Getting rid of one’s ego is a challenging endeavor, a long internal battle. This battle can only be waged with the guidance of a clear-eyed and sharp sensei, along with the succession of practices performed with fellow practitioners in the dojo. Moving on the tatami is exposing oneself, showing vulnerabilities and becoming aware of one’s ego. It is confronting oneself, all facets, even the darkest ones. It is allowing all conditioning and traumas buried in the unconscious to come to the light of consciousness. This journey is a , a long path that requires courage, perseverance, patience, and unwavering commitment. Few are those who manage to follow this path. Those who do are warriors of peace.

Aikido is not a combat sport or a self-defense discipline, but a relentless battle that aikidokas engage in to rid themselves of all impurities to access a realized state of human being, to access their true human nature. This is takemusu aikidô.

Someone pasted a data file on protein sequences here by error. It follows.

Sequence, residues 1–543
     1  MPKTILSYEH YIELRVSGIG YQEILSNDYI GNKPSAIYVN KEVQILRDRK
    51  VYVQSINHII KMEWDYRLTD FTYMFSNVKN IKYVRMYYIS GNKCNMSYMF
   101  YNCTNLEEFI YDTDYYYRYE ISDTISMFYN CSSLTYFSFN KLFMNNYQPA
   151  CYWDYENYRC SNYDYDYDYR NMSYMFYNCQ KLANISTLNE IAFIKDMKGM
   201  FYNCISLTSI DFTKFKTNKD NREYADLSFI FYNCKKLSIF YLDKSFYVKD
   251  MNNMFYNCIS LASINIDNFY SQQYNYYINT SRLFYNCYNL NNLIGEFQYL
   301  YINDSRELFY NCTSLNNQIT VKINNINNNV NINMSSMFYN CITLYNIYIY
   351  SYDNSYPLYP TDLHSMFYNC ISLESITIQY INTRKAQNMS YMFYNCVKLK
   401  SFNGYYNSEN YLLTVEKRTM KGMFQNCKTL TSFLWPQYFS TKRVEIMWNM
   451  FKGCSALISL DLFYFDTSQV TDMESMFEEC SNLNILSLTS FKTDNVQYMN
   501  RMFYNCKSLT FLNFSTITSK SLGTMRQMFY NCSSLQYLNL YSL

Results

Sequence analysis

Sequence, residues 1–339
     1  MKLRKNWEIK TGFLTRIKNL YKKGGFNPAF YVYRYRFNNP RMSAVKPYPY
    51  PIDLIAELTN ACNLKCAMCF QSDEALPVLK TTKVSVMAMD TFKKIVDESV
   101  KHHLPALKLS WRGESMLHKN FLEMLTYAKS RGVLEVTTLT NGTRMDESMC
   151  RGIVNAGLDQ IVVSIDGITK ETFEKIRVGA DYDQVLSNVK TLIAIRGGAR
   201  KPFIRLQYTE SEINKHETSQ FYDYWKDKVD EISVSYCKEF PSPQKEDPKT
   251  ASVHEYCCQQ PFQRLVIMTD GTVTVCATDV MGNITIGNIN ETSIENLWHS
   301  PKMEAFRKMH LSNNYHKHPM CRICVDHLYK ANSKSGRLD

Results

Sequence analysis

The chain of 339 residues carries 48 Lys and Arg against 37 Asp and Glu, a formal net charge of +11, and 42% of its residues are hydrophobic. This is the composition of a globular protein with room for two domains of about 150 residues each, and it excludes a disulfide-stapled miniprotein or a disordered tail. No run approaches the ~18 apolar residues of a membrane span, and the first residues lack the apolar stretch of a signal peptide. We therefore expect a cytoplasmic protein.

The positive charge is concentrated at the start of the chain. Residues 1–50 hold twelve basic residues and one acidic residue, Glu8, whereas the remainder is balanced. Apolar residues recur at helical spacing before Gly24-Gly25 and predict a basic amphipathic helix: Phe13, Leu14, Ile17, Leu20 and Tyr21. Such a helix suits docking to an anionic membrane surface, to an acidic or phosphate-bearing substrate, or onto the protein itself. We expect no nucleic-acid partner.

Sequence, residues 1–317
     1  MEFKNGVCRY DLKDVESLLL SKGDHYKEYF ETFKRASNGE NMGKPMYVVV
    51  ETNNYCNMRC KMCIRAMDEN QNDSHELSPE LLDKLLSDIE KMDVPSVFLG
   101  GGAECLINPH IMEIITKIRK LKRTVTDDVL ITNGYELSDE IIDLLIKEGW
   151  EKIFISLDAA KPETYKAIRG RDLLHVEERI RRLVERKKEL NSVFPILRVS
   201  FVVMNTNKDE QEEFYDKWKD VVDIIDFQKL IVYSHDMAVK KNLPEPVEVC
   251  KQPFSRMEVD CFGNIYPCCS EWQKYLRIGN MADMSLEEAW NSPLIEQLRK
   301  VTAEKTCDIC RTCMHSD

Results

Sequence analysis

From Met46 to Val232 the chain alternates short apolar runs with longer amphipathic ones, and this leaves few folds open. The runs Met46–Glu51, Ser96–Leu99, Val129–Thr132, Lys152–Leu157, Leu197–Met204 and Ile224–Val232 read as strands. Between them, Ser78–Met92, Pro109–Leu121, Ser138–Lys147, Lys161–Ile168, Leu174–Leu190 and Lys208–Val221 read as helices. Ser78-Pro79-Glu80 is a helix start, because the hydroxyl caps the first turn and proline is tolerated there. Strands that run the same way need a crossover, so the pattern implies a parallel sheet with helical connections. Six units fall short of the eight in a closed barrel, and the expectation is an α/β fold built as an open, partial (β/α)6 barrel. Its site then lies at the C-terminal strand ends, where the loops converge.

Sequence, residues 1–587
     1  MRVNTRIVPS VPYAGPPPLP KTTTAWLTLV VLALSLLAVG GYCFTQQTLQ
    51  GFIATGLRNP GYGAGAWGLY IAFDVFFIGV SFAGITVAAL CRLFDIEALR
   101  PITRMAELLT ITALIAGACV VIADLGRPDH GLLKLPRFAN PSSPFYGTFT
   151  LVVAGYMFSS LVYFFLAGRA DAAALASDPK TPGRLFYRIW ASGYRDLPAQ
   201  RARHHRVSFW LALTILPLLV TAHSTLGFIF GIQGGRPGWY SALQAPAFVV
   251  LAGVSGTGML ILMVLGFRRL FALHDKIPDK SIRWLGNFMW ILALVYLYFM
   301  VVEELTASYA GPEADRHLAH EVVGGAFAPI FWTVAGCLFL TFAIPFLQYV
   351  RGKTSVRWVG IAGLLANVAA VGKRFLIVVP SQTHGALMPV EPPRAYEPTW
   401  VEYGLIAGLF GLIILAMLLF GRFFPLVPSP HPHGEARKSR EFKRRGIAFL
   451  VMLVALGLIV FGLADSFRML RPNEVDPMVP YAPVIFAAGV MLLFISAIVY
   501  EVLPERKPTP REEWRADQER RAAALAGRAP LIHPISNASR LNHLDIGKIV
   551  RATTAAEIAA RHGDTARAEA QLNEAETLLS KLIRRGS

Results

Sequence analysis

On this path, when the aikidoka finds himself at the foot of the towering inner mountain, fear arises, and many become discouraged. Yet, nature provides each with just enough resources to reach the summit, to access a new horizon, a new state of being. It is necessary to put one foot in front of the other and move at the slow pace of the mountain guide. Advance sometimes on a steep, rocky path in the fog, sometimes on a wider path through vast fertile plains, always moving forward. Ganbatte o kudasasaï!

Kannagara

When the ego withdraws, emptiness is realized, silence ensues, allowing the source of all life to spread its gentle fragrance of serenity, clarity, harmony, joy, and love. A pure, delicate, invisible yet clearly perceptible force radiates, enlightening the perceptions, thoughts, and actions of the aikidoka.